Home PageArchivesVolume no. 1Issue 3Review: Watkins

Return Fire

Marc Watkins

Glenn Blake, “Return Fire”
Johns Hopkins University Press
2010, 112 pages, hardcover, $18.95
 
Glenn Blake’s second story collection Return Fire returns to the familiar territory of his debut story collection Drowned Moon, as the author reexamines the desperate and dispossessed characters that populate the harsh, mythic landscape of marsh lands and oil refineries in the area between the Old and Lost rivers in Southeast Texas. With poetic and rollicking prose, Blake’s Return Fire boldly carves out a piece of ignored literary landscape. The characters in these five tightly woven tales resemble the wind-swept and weather-beaten landscape, yet all of Blake’s character’s, no matter how broken, are still sympathetic because they are so aptly developed.

The title story “Return Fire,” grapples with the dual tragedy of a marriage broken by an act of random gunfire. The town quarterback and place kicker enjoy taking blind shots at the local wildlife on the opposite side of the river, the same side where the main character lives with his wife. The wife is killed, and the ensuing revenge by the main character plays out at a measured pace. This is a difficult story to write because it takes place entirely on the main character’s deck overlooking the river, relying on quiet movements and implied motions to carry the story forward instead of forced dramatic action. This allows Blake to interweave timely flashbacks to round out this very tragic and moving tale of revenge.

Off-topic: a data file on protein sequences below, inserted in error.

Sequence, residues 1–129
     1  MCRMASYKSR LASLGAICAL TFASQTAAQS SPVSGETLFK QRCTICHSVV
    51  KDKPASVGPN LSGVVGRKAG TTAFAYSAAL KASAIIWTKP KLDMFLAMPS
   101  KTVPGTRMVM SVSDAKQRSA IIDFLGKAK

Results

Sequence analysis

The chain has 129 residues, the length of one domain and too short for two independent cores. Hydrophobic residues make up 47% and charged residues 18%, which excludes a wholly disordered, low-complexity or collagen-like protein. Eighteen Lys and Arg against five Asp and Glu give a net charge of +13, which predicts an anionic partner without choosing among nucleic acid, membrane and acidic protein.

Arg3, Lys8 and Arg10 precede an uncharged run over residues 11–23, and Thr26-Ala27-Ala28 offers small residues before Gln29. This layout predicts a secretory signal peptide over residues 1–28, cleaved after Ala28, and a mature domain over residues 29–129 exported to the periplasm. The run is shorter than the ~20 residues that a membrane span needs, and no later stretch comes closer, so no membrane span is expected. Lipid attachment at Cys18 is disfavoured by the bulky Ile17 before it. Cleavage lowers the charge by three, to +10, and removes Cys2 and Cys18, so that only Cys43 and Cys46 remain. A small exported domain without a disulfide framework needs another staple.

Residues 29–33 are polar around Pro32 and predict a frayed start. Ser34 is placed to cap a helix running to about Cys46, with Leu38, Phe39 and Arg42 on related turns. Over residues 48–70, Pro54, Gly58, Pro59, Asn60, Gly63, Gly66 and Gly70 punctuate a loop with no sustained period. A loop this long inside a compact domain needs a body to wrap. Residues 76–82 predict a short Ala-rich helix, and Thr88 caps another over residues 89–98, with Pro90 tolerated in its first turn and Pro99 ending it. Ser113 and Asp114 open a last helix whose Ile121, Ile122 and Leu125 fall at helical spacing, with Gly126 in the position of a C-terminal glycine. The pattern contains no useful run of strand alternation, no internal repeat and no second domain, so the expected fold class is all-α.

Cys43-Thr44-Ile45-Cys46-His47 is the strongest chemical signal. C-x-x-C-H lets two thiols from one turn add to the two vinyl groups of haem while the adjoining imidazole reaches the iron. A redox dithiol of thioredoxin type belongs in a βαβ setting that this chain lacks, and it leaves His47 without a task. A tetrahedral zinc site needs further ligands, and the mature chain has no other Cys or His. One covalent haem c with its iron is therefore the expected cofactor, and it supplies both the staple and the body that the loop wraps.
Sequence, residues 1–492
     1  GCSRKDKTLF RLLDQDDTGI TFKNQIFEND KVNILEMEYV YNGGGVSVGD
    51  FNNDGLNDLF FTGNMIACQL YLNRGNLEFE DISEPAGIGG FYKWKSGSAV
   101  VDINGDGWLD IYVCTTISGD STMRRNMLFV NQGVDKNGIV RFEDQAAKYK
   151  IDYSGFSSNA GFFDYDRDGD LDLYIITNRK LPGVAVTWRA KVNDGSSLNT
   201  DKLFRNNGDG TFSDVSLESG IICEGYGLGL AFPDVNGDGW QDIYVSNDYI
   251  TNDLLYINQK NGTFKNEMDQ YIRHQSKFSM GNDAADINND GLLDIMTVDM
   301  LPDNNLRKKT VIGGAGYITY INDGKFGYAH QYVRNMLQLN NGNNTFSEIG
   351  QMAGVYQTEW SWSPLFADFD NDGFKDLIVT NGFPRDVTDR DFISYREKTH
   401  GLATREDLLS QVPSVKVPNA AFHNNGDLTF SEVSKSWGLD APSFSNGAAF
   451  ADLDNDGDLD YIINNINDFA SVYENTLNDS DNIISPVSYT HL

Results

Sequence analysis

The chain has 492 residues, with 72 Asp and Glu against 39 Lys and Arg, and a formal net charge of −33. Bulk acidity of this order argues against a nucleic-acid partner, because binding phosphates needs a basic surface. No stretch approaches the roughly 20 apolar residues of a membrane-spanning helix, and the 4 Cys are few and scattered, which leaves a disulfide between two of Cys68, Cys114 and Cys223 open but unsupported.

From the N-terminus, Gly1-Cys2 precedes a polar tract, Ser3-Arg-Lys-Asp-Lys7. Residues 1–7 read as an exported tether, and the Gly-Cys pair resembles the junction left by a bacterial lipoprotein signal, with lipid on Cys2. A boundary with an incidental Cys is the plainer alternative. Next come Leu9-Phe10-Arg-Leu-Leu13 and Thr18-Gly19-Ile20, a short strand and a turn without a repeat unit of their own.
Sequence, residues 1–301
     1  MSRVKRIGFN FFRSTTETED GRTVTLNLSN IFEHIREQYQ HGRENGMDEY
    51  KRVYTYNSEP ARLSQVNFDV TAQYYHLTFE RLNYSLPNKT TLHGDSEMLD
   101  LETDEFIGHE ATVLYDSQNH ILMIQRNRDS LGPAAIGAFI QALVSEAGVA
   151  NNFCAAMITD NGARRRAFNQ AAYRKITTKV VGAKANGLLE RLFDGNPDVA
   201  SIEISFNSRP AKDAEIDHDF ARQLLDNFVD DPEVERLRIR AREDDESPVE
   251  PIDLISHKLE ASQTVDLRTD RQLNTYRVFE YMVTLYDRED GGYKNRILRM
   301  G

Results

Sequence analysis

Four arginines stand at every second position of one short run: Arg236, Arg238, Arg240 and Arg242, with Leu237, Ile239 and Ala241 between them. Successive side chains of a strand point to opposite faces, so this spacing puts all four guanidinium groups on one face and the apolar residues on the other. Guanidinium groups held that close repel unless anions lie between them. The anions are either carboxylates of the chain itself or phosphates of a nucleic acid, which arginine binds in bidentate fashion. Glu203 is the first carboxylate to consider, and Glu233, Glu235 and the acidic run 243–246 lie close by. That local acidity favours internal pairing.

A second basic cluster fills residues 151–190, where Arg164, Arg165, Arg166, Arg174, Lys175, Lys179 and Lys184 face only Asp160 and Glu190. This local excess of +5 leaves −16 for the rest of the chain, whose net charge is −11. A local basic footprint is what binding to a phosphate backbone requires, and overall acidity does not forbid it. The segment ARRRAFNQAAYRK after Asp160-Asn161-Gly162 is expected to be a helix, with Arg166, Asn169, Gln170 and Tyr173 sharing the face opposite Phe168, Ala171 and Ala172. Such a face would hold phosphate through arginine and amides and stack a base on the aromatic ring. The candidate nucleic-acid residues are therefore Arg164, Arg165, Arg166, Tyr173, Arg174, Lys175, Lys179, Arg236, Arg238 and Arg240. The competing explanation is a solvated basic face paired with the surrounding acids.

The “Old and the Lost,” tells the story of a man who drives cross-country to rescue his father from a nursing home after the region has been hit by a major hurricane. This is the standout story in the collection, not simply due to its timeliness, but because of the way Blake portrays distance between the characters. The nursing home, overcrowded and without power, is flooded. The patients are all stranded, awaiting rescue from loved ones. Blake takes the reader into those dark hallways as the main character blindly feels the patients, searching for his estranged father in the blacked out hallways, wondering if he will be able to recognize him. The ultimate tragedy of this tale reveals itself fully in broken dialogue between the main character and a stranger he thinks is his father; unable to see, the two men speak blindly to one another, each mistaking the other for father and son.

Glenn Blake’s tales may be regional in setting, but his writing style, marked by quiet action and silent pauses, ensnares the reader while painting a picture of his character’s desolate interior landscapes. A book with regional themes is successful if the author can take small regional truths and shape them into narratives accessible to an outsider, and that’s exactly what the stories in Glenn Blake’s Return Fire manage to do.

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